A Summer to Remember
Joe (Nick Robinson) lives alone with his father Frank (Nick Offerman) but their relationship is strained ever since Joe's mum died. His friend Patrick (Gabriel Basso) also has a strained relationship with his parents but that is because they treat his as if he was a little kid rather than a teenager. When they both have enough they along with quirky kid Biaggio (Moises Arias) set about building themselves a home in a clearing in the woods so they can run away and have their freedom. Whilst the boys enjoy the freedom of the woods their parents haphazardly set about finding them with the help of the local cops.
As a teenager I remember a summer where me and a friend built a hide away in the woods near our homes. It wasn't that either of us wanted to get away from our families but it was our bit of freedom where we stashed stuff, had pullies and traps set up as well as smoked which turns out wasn't such a great idea. But whilst I look back on that time and think did we really do some of the stuff we did it was one of the best summers of my then young life, a coming of age summer and one which came flooding back to me as I watched "The Kings of Summer" although what I would have given for the beautiful location in this movie rather than the okay piece of woodland where we built are hide away.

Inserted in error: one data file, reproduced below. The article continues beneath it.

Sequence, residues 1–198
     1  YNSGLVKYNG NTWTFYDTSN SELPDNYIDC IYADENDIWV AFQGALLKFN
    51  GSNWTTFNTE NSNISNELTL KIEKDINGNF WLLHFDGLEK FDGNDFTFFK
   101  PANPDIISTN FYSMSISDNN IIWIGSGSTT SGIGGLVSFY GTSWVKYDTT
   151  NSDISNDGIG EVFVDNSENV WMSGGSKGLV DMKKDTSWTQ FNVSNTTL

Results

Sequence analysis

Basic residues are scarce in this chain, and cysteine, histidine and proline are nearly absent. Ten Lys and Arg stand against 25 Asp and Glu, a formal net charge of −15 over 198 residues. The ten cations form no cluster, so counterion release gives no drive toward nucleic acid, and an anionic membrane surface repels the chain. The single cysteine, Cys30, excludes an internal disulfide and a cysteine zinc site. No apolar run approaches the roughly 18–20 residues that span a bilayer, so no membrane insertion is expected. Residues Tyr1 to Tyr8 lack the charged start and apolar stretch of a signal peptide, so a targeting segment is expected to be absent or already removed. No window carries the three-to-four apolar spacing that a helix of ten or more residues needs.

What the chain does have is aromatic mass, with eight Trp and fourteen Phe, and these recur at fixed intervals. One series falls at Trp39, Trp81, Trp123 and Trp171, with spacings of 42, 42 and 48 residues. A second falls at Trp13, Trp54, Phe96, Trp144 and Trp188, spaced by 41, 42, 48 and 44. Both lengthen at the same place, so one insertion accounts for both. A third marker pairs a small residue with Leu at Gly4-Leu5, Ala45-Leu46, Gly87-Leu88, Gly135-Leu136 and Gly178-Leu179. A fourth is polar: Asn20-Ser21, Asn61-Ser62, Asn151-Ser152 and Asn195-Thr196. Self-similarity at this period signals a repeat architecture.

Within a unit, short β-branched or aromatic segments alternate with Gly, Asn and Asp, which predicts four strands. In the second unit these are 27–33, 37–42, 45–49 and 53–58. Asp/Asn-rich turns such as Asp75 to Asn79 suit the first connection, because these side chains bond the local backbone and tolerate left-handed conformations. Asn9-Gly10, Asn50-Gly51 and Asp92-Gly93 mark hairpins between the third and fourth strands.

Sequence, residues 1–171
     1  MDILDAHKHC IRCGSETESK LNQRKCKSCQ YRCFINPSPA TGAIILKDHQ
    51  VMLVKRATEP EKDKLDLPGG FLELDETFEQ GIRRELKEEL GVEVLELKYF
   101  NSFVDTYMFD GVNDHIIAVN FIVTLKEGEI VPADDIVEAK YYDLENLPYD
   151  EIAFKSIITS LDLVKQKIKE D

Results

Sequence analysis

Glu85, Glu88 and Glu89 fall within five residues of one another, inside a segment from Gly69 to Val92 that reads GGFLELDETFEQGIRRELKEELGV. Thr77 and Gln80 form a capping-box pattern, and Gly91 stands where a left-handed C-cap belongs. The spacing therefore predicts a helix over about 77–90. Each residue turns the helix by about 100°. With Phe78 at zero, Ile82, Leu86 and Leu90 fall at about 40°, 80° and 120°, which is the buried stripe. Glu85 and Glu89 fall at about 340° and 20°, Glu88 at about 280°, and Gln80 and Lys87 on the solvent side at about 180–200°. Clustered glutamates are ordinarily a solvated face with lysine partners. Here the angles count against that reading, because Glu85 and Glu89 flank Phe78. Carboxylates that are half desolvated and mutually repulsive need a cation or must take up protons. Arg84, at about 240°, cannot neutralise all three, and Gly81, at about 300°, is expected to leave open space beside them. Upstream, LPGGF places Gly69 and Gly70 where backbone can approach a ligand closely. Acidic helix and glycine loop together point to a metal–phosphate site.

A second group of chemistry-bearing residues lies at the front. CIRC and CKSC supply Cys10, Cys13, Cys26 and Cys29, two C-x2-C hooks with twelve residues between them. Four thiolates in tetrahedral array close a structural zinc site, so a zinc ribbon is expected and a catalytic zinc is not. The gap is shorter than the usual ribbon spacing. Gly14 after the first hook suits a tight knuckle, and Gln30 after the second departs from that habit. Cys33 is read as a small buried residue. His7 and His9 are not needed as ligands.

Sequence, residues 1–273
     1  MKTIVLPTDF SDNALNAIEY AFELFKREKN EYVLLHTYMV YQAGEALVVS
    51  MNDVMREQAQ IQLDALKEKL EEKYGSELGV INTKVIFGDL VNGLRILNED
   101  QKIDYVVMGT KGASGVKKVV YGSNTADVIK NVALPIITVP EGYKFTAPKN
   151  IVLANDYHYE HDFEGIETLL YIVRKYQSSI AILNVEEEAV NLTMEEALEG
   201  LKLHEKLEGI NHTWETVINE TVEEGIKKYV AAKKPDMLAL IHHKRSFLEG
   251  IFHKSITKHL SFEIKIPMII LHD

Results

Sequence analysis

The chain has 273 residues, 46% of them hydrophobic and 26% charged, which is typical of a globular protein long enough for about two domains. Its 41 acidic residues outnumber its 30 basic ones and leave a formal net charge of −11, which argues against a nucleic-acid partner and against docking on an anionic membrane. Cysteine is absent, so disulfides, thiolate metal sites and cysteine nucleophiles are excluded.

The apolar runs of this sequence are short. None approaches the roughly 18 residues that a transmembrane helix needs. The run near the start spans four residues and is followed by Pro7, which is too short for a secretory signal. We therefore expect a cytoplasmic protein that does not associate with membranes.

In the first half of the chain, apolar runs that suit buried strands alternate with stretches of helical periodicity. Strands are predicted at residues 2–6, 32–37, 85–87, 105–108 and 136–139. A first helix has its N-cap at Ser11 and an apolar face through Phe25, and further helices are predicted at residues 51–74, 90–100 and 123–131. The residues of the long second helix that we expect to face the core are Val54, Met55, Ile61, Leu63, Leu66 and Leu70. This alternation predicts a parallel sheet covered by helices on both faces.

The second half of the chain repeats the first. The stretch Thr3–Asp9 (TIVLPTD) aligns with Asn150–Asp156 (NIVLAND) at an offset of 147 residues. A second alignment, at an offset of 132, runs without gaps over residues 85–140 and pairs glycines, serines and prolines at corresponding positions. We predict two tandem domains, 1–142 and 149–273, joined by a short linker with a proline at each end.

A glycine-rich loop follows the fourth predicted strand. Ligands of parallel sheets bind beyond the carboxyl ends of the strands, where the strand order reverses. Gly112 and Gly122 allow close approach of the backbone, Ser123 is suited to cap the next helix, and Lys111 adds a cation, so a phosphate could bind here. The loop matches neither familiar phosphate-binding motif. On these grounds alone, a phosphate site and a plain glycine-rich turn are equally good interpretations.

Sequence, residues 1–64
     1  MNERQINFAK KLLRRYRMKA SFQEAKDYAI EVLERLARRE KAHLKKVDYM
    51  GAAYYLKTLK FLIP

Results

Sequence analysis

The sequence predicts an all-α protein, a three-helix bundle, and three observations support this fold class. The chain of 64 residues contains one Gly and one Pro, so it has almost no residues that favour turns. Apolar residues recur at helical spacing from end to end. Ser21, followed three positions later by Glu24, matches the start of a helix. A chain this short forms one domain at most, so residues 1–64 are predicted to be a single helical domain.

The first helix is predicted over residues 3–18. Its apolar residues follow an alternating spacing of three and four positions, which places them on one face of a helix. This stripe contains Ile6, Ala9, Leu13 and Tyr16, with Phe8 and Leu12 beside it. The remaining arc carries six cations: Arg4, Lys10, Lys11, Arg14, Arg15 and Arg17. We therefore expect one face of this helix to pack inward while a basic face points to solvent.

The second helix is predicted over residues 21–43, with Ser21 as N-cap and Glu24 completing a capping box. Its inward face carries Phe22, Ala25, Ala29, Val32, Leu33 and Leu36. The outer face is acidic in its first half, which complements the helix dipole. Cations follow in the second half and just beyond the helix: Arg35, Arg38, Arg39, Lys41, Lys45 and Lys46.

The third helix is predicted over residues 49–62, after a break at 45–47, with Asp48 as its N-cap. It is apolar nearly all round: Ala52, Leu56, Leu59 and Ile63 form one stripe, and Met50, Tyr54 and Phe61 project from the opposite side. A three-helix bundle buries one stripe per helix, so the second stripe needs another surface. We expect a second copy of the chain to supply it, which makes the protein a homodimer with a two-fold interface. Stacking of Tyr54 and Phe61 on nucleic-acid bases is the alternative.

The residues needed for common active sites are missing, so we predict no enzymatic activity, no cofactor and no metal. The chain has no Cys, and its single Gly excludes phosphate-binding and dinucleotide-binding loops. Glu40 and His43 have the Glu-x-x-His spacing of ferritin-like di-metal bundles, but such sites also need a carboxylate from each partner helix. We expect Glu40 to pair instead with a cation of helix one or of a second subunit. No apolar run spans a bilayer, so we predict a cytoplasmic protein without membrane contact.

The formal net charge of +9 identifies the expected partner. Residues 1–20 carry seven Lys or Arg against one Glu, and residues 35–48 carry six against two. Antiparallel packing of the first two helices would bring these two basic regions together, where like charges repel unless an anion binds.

So as you probably get the gist by now "The Kings of Summer" is a coming of age movie as we have Joe, Patrick and the offbeat Biaggio spending summer in the woods. Sounds pretty straight forwards as we see these friends build quite a spectacular house, mess about in the woods, hunt, let their bum fluff grow and invite girls back to their den. This does take things a step further though by having are friends actually runaway from home because they have issues with their parents.
But "The Kings of Summer" has a very surprising side from an early scene where Joe calls the police on his dad just because he annoyed him through to a fantasy scene which imitates a computer game. It is at times surreal and I have to say Moises Arias delivers a quirky performance which in some ways reminded me of Jamie Farr as Klinger in M*A*S*H. For me the eccentricity of it all, the intentional moments of quirky fantasy whilst entertaining at times also spoil what could have been a very powerful movie.
What this all boils down to is that "The Kings of Summer" ends up a fascinating movie with many good aspects including the performances but some of it is too quirky for me, forcing the intentional oddity of it all but then when you get to the end the forced oddity of it all is priceless.